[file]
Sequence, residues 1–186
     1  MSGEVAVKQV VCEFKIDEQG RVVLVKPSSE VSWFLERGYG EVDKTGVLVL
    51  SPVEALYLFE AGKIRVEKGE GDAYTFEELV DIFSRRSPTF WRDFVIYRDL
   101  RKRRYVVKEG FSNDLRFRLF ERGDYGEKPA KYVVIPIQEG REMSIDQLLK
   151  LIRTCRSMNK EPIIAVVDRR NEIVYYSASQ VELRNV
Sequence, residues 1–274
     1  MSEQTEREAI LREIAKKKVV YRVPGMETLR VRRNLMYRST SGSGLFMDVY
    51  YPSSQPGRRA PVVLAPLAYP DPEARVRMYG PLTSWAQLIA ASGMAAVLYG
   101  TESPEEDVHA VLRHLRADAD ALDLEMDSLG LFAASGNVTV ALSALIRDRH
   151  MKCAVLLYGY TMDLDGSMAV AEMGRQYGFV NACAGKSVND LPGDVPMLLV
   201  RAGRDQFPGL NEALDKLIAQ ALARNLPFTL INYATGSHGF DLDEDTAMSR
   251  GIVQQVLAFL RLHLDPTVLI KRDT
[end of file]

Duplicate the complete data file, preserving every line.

Sequence, residues 1–186
     1  MSGEVAVKQV VCEFKIDEQG RVVLVKPSSE VSWFLERGYG EVDKTGVLVL
    51  SPVEALYLFE AGKIRVEKGE GDAYTFEELV DIFSRRSPTF WRDFVIYRDL
   101  RKRRYVVKEG FSNDLRFRLF ERGDYGEKPA KYVVIPIQEG REMSIDQLLK
   151  LIRTCRSMNK EPIIAVVDRR NEIVYYSASQ VELRNV
Sequence, residues 1–274
     1  MSEQTEREAI LREIAKKKVV YRVPGMETLR VRRNLMYRST SGSGLFMDVY
    51  YPSSQPGRRA PVVLAPLAYP DPEARVRMYG PLTSWAQLIA ASGMAAVLYG
   101  TESPEEDVHA VLRHLRADAD ALDLEMDSLG LFAASGNVTV ALSALIRDRH
   151  MKCAVLLYGY TMDLDGSMAV AEMGRQYGFV NACAGKSVND LPGDVPMLLV
   201  RAGRDQFPGL NEALDKLIAQ ALARNLPFTL INYATGSHGF DLDEDTAMSR
   251  GIVQQVLAFL RLHLDPTVLI KRDT